Scotties, though sometimes stubborn, are adaptable. They ultimately let me be in control of any given situation. They like a routine, as we all do. Scotties also want to know what to expect and what is expected of them—just like kids and employees. That said, when we have traveled with our Scottie pack they have quickly adapted to each new situation, listening for my guidance and making the best of each new location.

Scotties trust me but they can still be willful. The pups always are ready to remind me if I have forgotten to give them something they expect, such as dinner number one at about 3 p.m. They get dinner number two — their daily fresh vegetables with goat’s milk yogurt as salad dressing — when we sit down for our dinner. This means they don’t like it when we go out to dinner and they are left at home. The reason I like Scotties so much is because they are a lot like people. People like having some routines and we don’t want our goodies disturbed or denied.

Letting go of control is difficult for Scotties and people. Yet it is something we are advised to do as we grow in our closeness to God. He knows what we need and if we have faith He will give us the essentials —“our daily bread” — and much more without being asked.

If you have ever been a parent, you know how some children fight you for independent control. Those who used to be called “willful children” spend their youth constantly trying to control everything around them. Part of their challenge is ignorance. They haven’t lived long enough to know how many things can go wrong and how much danger there is in the world — COVID-19 for instance — that they don’t understand.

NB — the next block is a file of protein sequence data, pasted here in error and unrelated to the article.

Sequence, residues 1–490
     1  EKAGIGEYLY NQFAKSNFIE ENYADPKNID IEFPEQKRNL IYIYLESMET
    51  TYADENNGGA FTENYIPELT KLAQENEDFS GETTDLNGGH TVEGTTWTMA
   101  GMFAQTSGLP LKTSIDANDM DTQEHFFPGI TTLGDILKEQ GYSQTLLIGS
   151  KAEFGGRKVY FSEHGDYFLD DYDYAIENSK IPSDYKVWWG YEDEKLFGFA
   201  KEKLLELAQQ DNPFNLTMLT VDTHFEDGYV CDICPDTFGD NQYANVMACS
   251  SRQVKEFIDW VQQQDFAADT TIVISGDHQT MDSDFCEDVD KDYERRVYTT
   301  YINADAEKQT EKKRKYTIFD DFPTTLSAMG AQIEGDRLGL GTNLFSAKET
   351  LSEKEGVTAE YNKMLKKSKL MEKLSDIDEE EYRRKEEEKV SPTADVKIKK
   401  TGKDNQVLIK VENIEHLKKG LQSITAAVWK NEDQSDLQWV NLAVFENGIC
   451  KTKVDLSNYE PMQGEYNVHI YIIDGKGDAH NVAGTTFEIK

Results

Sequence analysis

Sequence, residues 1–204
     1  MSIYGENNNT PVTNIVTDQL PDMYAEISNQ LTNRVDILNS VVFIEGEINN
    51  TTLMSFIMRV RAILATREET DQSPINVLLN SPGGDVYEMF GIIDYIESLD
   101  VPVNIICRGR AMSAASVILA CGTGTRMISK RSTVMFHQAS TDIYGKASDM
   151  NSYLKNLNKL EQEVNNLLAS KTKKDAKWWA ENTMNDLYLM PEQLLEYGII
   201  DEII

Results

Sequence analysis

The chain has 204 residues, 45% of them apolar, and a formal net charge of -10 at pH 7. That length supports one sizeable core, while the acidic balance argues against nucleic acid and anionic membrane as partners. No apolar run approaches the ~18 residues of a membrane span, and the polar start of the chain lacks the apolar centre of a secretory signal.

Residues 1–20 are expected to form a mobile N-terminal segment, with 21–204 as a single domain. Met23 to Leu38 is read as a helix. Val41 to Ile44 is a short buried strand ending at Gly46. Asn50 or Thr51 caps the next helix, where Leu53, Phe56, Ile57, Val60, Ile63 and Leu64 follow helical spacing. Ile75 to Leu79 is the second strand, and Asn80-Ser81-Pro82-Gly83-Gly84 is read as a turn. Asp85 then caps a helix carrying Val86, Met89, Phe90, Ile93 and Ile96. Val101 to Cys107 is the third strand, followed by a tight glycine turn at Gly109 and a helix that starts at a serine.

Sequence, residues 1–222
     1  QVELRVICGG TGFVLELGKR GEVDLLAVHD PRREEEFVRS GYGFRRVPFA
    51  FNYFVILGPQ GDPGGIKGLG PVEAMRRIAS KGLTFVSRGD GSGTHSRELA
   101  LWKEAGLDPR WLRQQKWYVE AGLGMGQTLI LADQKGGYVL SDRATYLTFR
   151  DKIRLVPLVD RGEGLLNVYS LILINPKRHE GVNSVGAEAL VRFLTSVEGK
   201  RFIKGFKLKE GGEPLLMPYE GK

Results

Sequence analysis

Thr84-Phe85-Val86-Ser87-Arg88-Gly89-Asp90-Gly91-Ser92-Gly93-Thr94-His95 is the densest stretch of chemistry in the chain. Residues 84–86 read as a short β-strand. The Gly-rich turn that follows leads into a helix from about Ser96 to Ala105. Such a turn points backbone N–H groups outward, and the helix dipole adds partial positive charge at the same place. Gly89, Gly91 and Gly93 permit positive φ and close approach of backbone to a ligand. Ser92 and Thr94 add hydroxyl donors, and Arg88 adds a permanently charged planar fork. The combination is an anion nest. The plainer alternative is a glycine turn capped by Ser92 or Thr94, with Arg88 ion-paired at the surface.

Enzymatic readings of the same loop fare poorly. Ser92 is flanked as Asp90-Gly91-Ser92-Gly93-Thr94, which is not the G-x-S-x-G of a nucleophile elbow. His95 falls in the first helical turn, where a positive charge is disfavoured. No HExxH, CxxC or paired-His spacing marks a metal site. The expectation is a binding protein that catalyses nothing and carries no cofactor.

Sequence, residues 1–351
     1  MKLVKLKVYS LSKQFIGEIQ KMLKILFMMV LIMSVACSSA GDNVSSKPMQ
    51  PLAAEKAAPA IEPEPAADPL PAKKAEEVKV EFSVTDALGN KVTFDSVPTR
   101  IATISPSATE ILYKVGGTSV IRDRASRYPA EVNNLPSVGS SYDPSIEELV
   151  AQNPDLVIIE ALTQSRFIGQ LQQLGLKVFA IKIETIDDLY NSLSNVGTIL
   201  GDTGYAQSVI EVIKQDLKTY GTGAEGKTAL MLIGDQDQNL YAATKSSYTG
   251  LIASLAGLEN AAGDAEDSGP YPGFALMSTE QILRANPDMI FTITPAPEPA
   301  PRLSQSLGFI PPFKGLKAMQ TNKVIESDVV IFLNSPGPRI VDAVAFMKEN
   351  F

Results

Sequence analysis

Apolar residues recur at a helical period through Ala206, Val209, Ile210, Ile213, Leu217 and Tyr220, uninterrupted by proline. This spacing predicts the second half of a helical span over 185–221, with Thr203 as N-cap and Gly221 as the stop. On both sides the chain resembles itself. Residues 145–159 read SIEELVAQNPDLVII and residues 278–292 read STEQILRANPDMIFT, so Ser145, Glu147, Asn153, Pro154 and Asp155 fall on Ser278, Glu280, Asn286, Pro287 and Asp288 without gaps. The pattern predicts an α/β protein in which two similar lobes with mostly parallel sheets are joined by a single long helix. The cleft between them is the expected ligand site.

Willful children often grow up to be domineering bosses. They are generally very intelligent, yet their obsessive desire for total control becomes their undoing. I’ve watched a domineering boss destroy relationships with intelligent, creative employees whose creativity is thwarted by the manager’s obsessive interference.

I recently had the opportunity to observe a similar situation and it reminded me of the importance of what I’ve been reading in my pursuit of greater faith and understanding. Books I’ve recently read stress the importance of letting go of control and giving God a chance to make our lives wonderful.

How often do we pray for a specific thing to be done for us? Most of the time, I’ll bet. Yet here is God, all-seeing and all-knowing, aware that there is something even better for us than what we are asking for; if only we would trust Him and give up trying to control even Him.

God is our Father. Do you see the similarity as a parent? The kids think they know everything and will demand something specific, yet as parents we have many more years of experience. We know that what they want at this moment won’t be the best for them in the long-term. God is called “Our Father” because He is the perfect parent for all of us. He can see the entire past and future. That perspective gives Him a viewpoint we will never have.

I’m learning to listen. I’m letting God be in control. In these crazy times I’ve turned my future over to Him.  I’m now more at peace and my body, which has gone through cancer twice, is much healthier than it was five years ago. I pray for His love, support and guidance in the lives of family, friends and myself, but I’m no longer asking for specific help.

I let God lead, in the same way my Scotties give me control to keep them happy and safe.

“Many are the plans in the mind of a man, but it is the purpose of the Lord that will stand.” Proverbs 19:21